00:29:34 > damaging, if you like, to the subject that’s being visualized and how that can impact various experiments. And then also then Gerald Pollack in structured water. So I know we got several other scientists that are likely to cover that you’ve been with but first of all just let me – let people know who are listening. This is Ask Your Herb Doctor on KMUD Garberville 91.1 FM and we’re interviewing Jeremy and Brad, and let me just get this right. It is Jeremy Stuart and ANDREW MURRAY: Brad Abrahams. BRAD ABRAHAMS: Yes. ANDREW MURRAY: And Dr. Peat is with us, although I thought Dr. Peat actually was going to have the evening off. BRAD ABRAHAMS: Well, we’re glad that he is here. ANDREW MURRAY: Yes, we’re very glad too. SARAH JOHANNESEN MURRAY: We’re very glad. ANDREW MURRAY: So we definitely appreciate that. But these two gentlemen are documentary filmmakers and they have done the seemingly impossible and interviewed eight of these scientists that Dr. Peat has been talking about for many years now when he brings out his various different anecdotes as he always does and have producing a fantastic documentary film
00:30:36 > kind of unifying all of the theories I think in some ways that Dr. Peat is able to understand that all these people working in their individual fields are contributing all the same sort of unifying knowledge to an approach in a framework to approaching disease that is so radical and hopefully it’s about time for mainstream science to wake up and some people to see what’s going on. We’ve always said for those who have the ears to listen, let them hear. So they can be reached at www. perceivethinkact. com. So go ahead and check them out on the web and see the work they are doing. It’s really quite special. So let's move on then Brad and Jeremy to Dr. Gilbert Ling and tell us a little bit about this fellow and I think actually for some ways this next couple of peoples seem to be getting on in their years. They’ve been doing it for a long time, so let's talk about Gilbert Ling. BRAD ABRAHAMS: Well, Gilbert I think now is 96, I believe, and when we saw him he was in
00:31:38 > shockingly good health, living alone in a mansion, basically running up and down the stairs, doing everything for himself. The only issue really being his hearing but recently he had a health complication and is now not able to live on his own. Unfortunately yes, but he seems to be getting back to his old self which is good to hear. But it's really difficult to sum up Gilbert's past achievements but he is most known for disproving the sodium pump hypothesis which is at the root of all basically thoughts on physiology and the role of the cell membrane in that sodium pipe hypothesis and his hypothesis called the association- induction hypothesis. It basically details a totally different, totally unconventional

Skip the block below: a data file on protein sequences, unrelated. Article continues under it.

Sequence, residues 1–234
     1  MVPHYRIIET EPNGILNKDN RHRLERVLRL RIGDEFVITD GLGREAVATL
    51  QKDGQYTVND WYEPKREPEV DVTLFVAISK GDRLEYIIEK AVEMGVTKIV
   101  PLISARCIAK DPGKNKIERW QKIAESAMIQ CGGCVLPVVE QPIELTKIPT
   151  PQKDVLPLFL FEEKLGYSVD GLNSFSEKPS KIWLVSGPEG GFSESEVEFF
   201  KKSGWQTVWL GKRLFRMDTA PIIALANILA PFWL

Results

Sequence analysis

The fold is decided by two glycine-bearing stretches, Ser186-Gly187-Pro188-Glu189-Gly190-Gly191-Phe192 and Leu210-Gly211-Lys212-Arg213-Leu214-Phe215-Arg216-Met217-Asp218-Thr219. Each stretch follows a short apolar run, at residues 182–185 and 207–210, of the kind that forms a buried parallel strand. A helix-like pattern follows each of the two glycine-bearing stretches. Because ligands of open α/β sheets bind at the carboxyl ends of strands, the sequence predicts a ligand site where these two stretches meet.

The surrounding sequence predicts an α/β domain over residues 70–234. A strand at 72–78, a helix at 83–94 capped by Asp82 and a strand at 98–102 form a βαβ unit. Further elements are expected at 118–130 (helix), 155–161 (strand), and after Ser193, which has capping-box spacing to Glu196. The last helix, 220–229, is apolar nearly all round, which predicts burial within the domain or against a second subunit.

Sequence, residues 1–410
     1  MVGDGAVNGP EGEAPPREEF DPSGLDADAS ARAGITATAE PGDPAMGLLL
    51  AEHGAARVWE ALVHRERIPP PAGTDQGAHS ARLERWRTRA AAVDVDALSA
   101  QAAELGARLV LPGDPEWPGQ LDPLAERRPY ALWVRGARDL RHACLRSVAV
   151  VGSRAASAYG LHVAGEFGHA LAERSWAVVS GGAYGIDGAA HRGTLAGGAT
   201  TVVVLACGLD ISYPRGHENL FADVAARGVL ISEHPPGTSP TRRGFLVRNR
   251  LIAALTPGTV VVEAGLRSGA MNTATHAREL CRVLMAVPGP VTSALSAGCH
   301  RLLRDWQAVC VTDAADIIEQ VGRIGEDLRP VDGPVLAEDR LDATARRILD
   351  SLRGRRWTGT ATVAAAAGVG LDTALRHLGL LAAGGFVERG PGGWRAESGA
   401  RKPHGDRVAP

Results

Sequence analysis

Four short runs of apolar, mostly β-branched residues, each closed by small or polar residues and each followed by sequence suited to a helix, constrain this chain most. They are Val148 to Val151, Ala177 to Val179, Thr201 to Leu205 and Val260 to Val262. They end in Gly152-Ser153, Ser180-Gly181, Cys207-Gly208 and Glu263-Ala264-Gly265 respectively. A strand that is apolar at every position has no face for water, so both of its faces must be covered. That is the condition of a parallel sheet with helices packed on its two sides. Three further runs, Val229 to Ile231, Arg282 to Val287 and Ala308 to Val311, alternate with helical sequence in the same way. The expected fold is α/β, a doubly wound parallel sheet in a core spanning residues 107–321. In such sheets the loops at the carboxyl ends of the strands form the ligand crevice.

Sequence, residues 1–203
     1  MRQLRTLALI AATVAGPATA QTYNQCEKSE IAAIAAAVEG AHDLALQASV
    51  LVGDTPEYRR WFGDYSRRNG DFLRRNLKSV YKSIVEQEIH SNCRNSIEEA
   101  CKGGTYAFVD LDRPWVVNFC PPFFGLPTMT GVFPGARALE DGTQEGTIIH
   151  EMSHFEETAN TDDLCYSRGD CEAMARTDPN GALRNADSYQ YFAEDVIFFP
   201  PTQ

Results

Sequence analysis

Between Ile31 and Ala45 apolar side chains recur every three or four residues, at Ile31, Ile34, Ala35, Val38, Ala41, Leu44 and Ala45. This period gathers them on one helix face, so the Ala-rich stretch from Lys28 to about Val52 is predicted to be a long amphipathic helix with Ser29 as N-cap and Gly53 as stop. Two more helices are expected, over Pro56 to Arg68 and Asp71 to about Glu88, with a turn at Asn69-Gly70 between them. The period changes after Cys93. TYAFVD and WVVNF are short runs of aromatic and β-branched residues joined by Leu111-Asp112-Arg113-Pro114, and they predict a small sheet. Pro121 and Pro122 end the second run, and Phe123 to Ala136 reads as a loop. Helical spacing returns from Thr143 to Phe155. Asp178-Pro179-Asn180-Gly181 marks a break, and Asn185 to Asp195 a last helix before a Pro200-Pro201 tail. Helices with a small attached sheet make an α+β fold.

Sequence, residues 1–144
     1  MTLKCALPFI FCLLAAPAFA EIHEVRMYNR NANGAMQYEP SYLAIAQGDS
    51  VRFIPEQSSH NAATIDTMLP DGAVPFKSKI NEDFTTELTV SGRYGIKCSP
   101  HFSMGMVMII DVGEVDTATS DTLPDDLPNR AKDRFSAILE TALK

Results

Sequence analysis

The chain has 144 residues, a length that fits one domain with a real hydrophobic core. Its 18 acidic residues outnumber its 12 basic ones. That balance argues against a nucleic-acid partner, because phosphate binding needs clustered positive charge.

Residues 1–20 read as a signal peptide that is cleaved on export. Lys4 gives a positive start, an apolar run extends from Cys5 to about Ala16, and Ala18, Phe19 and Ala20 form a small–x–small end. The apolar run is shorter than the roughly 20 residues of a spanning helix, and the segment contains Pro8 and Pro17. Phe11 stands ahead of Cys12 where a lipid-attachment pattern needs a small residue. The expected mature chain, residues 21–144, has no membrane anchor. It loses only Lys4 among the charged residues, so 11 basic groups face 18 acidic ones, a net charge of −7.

00:32:42 > model of... ANDREW MURRAY: Units based only on physics and chemistry. BRAD ABRAHAMS: Actual BRAD ABRAHAMS: science. JEREMY STUART: Yes, that’s what’s so forward-thinking BRAD ABRAHAMS: about it. ANDREW MURRAY: It’s scientific and reproducible you’re saying is something that. BRAD ABRAHAMS: Yes, I think he has done possibly thousands of experiments showing the work and improving it that have all but being ignored and they won't even – if he submits a paper to even on an unrelated subject to any journal, they reject it just saying because – yes, they don't even read it. They just send him a rejection notice because BRAD ABRAHAMS: of his name. ANDREW MURRAY: Now, Dr. Peat I know that when we’ve spoken to you in the past and I again unfortunately ran through an education where it was very science-based and it was same kind of erroneous. SARAH JOHANNESEN MURRAY: Not really science-based, it pretended to be science-based but really it was just SARAH JOHANNESEN MURRAY: medical dogma. ANDREW MURRAY: We still had sodium pumps and potassium pumps and all that kind of stuff moving, allowing things to be transported across and I know
00:33:44 > Dr. Peat that you’re very anti – so the membrane pump idea saying that actually cells are very fluid and elastic and they flow and they move and they make space between the cells for things to enter and exit and actually this is a much better and holistic approach to the physiology of the cell. SARAH JOHANNESEN MURRAY: Yes, wasn’t the cell membrane theory just brought about by big pharma so they can try to explain how their drugs are working? RAY PEAT: Well, sort of the – I think it really relates to neo- Darwinism and the genetic idea that they want to get away from the idea that life is somehow stable and so it's more like a machine which has to run to keep itself in the given state, but Gilbert Ling showed that even if you turn off the energy